The Food and Drug Administration (FDA) has granted an emergency use authorization (EUA) for the Sinovac Covid-19 vaccine from China but due to its low efficacy rate of only 50.4 percent, the agency withheld the recommendation to use the jab for health-care workers (HCWs).
However, FDA Director General Eric Domingo said that Sinovac can be used among clinically healthy individuals aged 18 to 59 years.
“The interim data from the ongoing Phase 3 [clinical] trials showed that when the vaccine is used on clinically healthy members of the community aged 18 to 59 it has an efficacy rate of 65.3 percent to 91.2 percent,” Domingo said during the Laging Handa news briefing.
The 65.3 percent was based on a clinical trial in Indonesia, while the 91.2 percent efficacy was the result of the trial in Turkey.
“However, it has a lower efficacy rate of 50.4 percent for health-care workers exposed to Covid-19. Therefore, it is not recommended for use in this group,” Domingo stressed.
China’s Sinovac has applied for EUA for its Covid-19 vaccine on January 13, 2021.
Other that were granted with EUA are Pfizer-BioNTech and AstraZeneca Pharmaceuticals vaccines.
Domingo reiterated that the granting of the EUA is not a marketing authorization or a Certificate of Product Registration, “therefore it cannot be sold to market commercially.”
Domingo assured that FDA is committed to continue its job to ensure that Filipinos can have access to vaccines that hold greater benefits and outweighs the risk and possible adverse effects during this time of pandemic.
For DND officials, families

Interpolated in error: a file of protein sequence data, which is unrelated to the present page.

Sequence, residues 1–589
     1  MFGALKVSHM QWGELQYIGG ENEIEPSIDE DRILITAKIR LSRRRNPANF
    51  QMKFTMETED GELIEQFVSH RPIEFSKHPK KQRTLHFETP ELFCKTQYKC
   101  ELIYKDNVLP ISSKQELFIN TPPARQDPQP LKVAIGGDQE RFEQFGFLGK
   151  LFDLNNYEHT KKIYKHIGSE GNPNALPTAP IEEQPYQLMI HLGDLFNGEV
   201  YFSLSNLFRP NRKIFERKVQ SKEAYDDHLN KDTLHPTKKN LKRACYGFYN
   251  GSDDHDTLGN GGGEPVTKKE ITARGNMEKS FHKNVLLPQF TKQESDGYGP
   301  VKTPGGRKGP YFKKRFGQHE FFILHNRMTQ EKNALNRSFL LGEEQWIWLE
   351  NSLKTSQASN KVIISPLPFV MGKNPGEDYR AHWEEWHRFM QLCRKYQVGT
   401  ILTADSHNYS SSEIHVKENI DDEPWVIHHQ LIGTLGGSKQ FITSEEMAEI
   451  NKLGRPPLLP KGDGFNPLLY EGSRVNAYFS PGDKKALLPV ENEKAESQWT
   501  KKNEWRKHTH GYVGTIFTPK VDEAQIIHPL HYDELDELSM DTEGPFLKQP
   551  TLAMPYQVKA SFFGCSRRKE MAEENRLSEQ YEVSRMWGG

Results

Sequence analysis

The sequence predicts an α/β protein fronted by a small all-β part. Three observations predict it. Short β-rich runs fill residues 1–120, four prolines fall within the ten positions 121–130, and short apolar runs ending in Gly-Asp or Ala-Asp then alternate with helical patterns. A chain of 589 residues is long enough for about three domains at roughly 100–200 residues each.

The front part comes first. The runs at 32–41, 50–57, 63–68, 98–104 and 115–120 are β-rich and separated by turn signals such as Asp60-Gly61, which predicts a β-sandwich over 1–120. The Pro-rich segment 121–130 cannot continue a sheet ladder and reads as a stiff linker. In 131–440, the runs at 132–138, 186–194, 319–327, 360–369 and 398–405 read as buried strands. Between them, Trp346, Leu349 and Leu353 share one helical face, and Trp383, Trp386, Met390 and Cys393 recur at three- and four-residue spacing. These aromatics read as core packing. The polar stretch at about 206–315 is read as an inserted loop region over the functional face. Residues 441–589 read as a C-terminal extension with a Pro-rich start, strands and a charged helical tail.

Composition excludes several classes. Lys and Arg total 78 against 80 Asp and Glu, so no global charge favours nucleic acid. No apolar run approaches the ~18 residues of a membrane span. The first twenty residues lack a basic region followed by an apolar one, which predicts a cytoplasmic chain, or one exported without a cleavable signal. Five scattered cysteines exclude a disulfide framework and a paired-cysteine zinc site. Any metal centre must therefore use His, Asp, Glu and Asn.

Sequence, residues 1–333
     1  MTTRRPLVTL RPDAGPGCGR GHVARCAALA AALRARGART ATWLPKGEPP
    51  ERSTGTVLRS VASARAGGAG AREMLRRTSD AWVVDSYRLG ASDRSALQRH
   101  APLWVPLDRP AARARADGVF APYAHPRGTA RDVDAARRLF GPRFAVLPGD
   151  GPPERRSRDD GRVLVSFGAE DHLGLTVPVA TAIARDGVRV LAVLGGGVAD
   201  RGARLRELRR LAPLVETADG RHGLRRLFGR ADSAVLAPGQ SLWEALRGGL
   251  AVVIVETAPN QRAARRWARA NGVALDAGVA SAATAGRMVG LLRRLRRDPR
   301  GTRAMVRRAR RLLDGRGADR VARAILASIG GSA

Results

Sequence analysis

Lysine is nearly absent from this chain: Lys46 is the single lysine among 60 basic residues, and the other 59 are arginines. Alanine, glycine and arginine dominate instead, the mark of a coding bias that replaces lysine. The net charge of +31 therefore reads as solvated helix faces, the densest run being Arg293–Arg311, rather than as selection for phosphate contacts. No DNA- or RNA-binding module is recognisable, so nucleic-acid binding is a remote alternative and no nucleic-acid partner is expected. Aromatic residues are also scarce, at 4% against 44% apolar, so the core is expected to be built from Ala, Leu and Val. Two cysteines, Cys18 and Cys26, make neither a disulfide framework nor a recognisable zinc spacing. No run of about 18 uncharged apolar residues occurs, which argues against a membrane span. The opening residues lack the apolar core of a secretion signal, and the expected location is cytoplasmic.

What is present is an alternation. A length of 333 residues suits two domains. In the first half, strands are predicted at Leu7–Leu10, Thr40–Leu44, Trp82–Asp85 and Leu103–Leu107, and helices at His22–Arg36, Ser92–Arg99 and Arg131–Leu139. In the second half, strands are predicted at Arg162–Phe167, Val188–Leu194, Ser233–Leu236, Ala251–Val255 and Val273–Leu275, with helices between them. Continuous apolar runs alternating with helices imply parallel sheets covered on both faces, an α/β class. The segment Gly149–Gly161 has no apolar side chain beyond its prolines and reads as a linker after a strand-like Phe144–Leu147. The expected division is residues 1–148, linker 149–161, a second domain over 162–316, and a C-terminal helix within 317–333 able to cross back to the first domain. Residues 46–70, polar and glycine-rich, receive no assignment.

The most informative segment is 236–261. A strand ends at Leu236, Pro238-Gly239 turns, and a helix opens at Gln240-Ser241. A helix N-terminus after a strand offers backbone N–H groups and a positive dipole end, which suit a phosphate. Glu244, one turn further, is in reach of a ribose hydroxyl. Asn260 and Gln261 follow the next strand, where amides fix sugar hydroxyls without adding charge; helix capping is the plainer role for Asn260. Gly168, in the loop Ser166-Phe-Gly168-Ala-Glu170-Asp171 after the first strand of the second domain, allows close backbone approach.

A part of China’s donation Covid-19 vaccines will be used to inoculate officials and staff of the Department of National Defense and its bureaus, Defense Secretary Delfin Lorenzana said on Monday.
Lorenzana’s statement followed the FDA’s granting of Chinese product Sinovac an EUA for the government’s Covid vaccination program.
The grant of the EUA was followed later by a statement from Malacanang that the 600, 000 doses of vaccines that were donated by the Chinese government will be arriving in three days.
According to Lorenzana, 100,000 of the donated doses will go to the defense department which will be used to inoculate its officials and personnel, including those from its bureaus.
The military, through its spokesman Major Gen. Edgard Arevalo, said a bigger portion of the 100,000 doses will be used to inoculate soldiers and members of the Armed Forces of the Philippines.
“The 100,000 vaccines will be for the DND [Department of National Defense] and its bureaus. It will be administered by the Veterans Medical Center and V Luna Medical Center,” he said.
The defense secretary said the military is not included yet in the inoculation.
“Not yet. It is in two doses that is why the 100,000 can only cover for 50,000. It’s only enough for DND personnel and their families,” Lorenzana said.